2-1-3. Teaching Methodology


This session will essentially have to be conducted as a classroom lecture.

2-1-4. Special Tips


This chapter might appear to be somewhat conceptual / theoretical. Facilitators need to ensure that participants do not get a feeling of GP and OEHS issues as something academic. Hence, facilitators must emphasis on the practical applications about these concepts. For this, it is possible to include case studies of GP implementation through past APO projects and make the concepts covered here appealing for the participants.

2-2. Green Productivity


2-2-1. Green Productivity
In response to the recommendations of Earth Summit of 1992 that economic development and environmental protection would be the two key strategies for sustainable development, the Asian Productivity Organization (APO) introduced the concept of Green Productivity in 1994. Green productivity (GP) is a broad strategy for enhancing profitability and environ-mental performance. When used effectively it can lead to positive changes in socio -economic development. Green Productivity 10

attempts to answer society's needs, by increasing productivity through environmentally sound manufacturing practices and businesses, thereby catering to customer requirements for more environmentally sound products, while ensuring a healthy and safe environment. In order to ensure a continuous improvement in productivity, as well as in the level of environmental protection, a systematic approach and methodology has been developed for Green Productivity. GP is multi-faceted, holistic approach to cover all aspects that are crucial for the overall socio-economic development of a sustained improvement in the quality of human life. The important point of the concept is that one aspect is achieved without sacrificing the others. This is therefore a win-win approach. It is also expected that such a strategy at the micro-level will ultimately contribute to the alleviation of global problems such as climate change and depletion of the ozone layer.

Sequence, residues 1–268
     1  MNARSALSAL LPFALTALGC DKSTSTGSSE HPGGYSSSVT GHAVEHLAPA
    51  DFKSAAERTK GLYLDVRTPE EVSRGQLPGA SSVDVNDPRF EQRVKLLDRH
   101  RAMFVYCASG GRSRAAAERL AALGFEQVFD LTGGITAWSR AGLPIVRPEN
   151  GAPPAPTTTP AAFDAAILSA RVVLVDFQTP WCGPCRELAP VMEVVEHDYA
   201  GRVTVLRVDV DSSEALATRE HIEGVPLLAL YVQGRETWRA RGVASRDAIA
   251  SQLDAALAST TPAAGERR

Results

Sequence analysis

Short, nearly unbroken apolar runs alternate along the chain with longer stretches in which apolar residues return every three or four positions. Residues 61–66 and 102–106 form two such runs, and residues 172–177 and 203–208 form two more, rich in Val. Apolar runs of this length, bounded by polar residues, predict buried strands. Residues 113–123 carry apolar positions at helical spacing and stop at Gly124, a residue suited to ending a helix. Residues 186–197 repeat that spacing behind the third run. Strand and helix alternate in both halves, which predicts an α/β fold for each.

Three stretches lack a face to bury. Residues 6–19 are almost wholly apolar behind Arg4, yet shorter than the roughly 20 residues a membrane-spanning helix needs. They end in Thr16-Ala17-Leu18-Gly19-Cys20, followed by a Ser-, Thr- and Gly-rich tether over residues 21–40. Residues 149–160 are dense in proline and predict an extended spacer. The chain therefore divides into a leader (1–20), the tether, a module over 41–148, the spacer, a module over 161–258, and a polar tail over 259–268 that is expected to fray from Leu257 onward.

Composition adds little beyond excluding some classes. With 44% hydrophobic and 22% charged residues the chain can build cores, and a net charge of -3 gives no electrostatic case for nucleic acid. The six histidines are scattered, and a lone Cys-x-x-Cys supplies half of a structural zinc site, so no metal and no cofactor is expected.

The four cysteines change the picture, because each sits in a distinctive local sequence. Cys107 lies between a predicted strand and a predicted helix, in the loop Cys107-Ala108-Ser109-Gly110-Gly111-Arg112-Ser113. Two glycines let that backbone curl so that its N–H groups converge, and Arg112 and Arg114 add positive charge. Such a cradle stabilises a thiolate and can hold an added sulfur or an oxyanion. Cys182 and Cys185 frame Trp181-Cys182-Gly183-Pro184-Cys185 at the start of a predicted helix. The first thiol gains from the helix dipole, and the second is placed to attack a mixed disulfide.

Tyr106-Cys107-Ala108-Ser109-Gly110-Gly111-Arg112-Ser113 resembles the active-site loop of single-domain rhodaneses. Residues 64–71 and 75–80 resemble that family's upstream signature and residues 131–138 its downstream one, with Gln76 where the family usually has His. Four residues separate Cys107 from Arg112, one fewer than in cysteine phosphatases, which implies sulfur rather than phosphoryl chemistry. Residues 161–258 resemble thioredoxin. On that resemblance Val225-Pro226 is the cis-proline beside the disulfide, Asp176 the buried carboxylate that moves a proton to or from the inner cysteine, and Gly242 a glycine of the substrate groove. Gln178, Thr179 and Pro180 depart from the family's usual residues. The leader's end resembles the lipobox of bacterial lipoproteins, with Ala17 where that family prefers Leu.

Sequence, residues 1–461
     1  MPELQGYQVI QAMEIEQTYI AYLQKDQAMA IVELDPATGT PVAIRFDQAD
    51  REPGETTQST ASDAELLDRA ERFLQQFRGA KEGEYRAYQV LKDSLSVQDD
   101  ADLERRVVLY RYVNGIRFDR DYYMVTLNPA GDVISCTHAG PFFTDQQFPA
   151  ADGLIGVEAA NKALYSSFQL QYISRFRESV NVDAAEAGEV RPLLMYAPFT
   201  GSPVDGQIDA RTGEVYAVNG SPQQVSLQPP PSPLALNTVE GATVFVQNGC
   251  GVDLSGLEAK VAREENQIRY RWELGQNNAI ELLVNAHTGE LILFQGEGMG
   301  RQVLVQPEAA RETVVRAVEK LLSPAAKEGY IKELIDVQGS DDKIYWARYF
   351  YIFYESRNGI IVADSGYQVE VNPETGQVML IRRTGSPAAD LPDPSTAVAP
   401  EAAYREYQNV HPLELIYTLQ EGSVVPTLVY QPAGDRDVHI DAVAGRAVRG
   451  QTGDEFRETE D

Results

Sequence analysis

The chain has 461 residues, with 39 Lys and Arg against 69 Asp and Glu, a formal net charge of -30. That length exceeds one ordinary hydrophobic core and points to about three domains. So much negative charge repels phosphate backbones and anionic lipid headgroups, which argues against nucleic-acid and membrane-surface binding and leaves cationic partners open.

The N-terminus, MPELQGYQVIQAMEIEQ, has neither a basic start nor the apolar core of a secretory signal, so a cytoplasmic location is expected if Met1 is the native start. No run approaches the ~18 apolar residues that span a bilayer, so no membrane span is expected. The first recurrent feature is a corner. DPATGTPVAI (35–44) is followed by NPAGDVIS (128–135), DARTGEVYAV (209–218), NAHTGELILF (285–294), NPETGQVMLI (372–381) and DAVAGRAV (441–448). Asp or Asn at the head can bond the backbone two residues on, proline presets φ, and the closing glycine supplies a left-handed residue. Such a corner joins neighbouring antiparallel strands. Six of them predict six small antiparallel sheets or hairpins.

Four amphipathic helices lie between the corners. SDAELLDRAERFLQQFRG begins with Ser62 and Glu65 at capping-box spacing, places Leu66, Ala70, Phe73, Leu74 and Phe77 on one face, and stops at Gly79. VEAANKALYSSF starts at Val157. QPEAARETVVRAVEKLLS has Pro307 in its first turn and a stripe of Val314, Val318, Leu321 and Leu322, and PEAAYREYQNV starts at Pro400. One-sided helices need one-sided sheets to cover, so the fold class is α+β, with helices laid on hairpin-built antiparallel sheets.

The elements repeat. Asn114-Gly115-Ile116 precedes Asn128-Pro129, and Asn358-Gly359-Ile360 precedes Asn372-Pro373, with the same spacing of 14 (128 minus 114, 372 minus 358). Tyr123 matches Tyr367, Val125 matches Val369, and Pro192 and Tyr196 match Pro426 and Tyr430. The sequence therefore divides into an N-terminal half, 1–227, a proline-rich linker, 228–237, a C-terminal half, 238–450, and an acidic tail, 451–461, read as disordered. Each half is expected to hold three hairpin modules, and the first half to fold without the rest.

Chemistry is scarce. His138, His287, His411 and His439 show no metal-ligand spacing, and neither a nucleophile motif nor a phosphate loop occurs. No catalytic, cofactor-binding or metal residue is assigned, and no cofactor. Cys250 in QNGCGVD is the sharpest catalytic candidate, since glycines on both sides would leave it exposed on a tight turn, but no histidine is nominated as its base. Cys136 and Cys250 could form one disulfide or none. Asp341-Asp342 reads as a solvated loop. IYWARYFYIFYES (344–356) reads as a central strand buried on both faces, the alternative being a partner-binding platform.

2-2-2. Triple Focus of GP


Green Productivity aims to ensure environmental protection while making business profitable. This is necessary if development is to be sustainable. Triple Focus of GP

The concept of GP shows that for any development strategy to be sustainable it needs to have a focus on Quality, Profitability and Environment -called the triple focus of GP. The customer dictates quality for both goods and services. GP works at ensuring quality by promoting the use of newer and safer materials, increasing processing and production efficiency and improving working conditions. The savings may come from lower production and waste management costs or may take the form of avoiding the cost of potential environmental liabilities. GP thus works towards attaining higher level of productivity for serving the needs of society and to protect and enhance the quality of environment both locally and globally by focusing on Q-E-P. 11

2-2-3. Key Characteristics of GP